It seems there are many Kabirs out there. It’s a bit baffling, given that not much is known about the life of the late-15th, early-16th-century mystic immortalised through his songs. His birth, parentage, upbringing and faith have for long been matters of fierce debate among academicians. Of a more recent vintage is his appropriation by diverse sets of people.
In his songs, Kabir refuses to draw a line between ‘Bismil’ and ‘Bishambhar’. He rubbishes man-made divides, draws the divine closer to the devotee, and instructs on meditative methods. As such, many of his ideas recur among sects as far-flung as the Nathpanthis, Ramanandis, Sahajiyas, Bauls, Sufis, Sikhs and the Nirguns.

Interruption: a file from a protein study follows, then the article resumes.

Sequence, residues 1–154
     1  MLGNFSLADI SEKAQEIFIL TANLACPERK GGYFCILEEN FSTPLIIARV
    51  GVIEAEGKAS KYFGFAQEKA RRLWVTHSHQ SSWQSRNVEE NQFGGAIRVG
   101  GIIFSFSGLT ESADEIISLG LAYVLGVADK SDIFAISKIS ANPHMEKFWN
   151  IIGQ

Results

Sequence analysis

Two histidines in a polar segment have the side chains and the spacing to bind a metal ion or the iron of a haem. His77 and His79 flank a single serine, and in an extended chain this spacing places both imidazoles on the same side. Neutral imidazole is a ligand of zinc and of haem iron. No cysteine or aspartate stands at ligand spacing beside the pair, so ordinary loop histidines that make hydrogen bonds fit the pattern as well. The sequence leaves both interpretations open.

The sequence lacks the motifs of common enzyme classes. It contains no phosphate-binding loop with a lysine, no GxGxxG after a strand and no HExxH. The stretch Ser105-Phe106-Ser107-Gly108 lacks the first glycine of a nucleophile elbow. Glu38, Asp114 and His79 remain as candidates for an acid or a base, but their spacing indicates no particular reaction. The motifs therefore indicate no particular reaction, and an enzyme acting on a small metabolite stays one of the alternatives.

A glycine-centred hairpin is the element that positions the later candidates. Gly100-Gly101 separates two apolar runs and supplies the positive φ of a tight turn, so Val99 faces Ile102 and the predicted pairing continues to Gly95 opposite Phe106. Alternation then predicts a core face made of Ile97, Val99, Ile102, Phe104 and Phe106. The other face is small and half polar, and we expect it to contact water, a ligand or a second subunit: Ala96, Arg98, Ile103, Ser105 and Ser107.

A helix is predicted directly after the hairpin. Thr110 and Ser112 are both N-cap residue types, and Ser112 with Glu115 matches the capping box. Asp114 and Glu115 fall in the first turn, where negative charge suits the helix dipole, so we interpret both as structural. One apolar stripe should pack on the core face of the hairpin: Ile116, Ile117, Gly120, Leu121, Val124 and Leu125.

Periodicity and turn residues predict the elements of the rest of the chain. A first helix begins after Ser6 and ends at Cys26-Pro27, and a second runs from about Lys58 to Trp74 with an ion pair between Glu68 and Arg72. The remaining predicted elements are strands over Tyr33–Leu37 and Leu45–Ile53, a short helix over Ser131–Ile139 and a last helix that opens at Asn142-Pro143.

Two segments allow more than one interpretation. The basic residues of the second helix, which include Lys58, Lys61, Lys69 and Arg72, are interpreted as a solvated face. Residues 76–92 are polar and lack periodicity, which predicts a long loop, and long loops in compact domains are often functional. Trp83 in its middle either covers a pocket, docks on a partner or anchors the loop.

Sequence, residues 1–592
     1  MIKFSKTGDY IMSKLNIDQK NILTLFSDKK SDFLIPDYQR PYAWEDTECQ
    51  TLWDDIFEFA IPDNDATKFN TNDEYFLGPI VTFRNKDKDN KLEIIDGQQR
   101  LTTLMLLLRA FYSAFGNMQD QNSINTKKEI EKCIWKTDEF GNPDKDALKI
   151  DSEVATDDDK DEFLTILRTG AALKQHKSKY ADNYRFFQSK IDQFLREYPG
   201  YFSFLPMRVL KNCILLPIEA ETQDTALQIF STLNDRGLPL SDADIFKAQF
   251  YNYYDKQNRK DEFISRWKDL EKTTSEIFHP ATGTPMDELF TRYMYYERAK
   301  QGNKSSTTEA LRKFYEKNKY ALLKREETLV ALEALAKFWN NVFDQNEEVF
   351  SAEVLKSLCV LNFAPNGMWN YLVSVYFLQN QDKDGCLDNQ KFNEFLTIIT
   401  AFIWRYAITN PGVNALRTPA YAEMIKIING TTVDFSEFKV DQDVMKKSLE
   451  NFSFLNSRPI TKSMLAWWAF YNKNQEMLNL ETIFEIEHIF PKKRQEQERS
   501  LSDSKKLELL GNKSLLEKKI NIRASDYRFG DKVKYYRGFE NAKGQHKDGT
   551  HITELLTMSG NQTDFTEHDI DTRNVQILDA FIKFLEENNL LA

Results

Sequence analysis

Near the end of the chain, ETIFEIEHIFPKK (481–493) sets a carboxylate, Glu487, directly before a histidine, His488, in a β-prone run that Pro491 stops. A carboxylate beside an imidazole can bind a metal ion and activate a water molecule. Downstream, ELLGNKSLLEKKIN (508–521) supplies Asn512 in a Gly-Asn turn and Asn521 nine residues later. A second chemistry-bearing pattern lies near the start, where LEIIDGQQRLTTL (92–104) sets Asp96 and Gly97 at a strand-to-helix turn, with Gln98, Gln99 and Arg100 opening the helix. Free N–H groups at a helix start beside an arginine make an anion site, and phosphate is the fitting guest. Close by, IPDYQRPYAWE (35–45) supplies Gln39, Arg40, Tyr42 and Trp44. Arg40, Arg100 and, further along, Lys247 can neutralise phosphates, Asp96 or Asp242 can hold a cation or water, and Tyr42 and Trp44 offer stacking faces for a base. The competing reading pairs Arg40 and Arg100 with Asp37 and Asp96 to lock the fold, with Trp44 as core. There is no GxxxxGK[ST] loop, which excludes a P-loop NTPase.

“That’s the beauty of Kabir,” says Shabnam Virmani, who has been leading the Kabir Project at Bangalore’s Srishti School of Art, Design and Technology for seven years. She is aware of the distortions that occur when various groups “own and inhabit” the works, as well as “the beauty of an oral tradition” that blends across divides.
Full report here Hindustan Times